At the heart of this extraordinary effort is the work of the exceptional cast, especially McAvoy and Fassbender. They create a camaraderie and a connection that settles over the entire film. While their individual stories are indeed intriguing, the working together to form the X-Men is the movie’s main emotional thrust. Charles wants to find a way for inclusion and balance with regular humans. Erik wants revenge and acceptance “by any means necessary.” The argument has been made by some that the former represents the kind of non-violent approach of Dr. Martin Luther King while the latter is more militant, more Malcolm X in his ideals. While the comparison is specious at best (considering what was at stake during the Civil Rights Movement), it still maintains a small amount of credence within the context of this world.
Equally compelling are the various ancillary characters that fill in the spaces. Some are just awkward adolescents growing into their already rejected social roles. Others are far more complicated, including Lawrence’s Raven, who obvious body issues could spawn and entire TLC-like channel, and Hoult’s genius doctor turned monster Beast. Both struggle with the core concept of acceptance, each going about it in the same opposing manner, as with Charles and Erik. But their pain is more recognizable, more carved out of the cliques we see/saw walking down to corridors of those social cesspools known as high school. In a rare bid to make this kind of movie wholly relevant to those who won’t know Asgard from Oa, the desire to take things ‘teen’ really works. It also adds another level of legitimacy to what is, by its very nature, pure fantasy.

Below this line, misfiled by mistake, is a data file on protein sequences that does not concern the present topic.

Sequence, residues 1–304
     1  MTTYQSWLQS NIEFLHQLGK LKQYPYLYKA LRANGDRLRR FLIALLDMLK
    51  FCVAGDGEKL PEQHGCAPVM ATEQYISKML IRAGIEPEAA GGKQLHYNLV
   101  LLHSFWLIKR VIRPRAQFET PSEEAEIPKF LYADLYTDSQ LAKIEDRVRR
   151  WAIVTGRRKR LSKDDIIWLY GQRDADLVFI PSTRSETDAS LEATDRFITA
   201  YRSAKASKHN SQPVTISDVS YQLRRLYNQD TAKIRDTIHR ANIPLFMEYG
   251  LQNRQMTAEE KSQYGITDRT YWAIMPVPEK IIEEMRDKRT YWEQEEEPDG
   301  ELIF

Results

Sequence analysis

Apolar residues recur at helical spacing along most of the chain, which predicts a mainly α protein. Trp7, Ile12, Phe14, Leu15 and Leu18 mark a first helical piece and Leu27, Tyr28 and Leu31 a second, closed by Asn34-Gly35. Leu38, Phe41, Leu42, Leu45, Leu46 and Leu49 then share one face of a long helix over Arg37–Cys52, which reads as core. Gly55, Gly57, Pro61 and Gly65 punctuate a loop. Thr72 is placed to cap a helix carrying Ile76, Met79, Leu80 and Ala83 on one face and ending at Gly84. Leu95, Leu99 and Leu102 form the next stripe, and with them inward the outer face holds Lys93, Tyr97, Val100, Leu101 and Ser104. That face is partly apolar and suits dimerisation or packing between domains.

This doesn’t mean, however, that Vaughn and his various script writers have forgotten the Summer movie sizzle. We get a terrific opening sequence inside the concentration camp (Bacon is bravura as the villain, if not quite up to the level of the rest of his cohorts) and the montage where Charles and Erik recruit if rife with excellent visual cues (and a nice cameo). Perhaps the best moments are those involving Shaw’s threat to the newly gathered good guys, and the final warship standoff has all the stunt spectacle you expect.
But in its soul, X-Men: First Class wants to be about people, about individuals gifted in ways that make the rest of the planet gawk in wonder – and shudder in abject horror. While the rest of the series (at least, as it stands now) would end up focusing the various battles between Magneto and the rest of civilization, this prologue punctuates a time when all mutants attempt to rise up as one and be respected. The result spells a series of sensational sequels – and one pretty amazing movie at its start.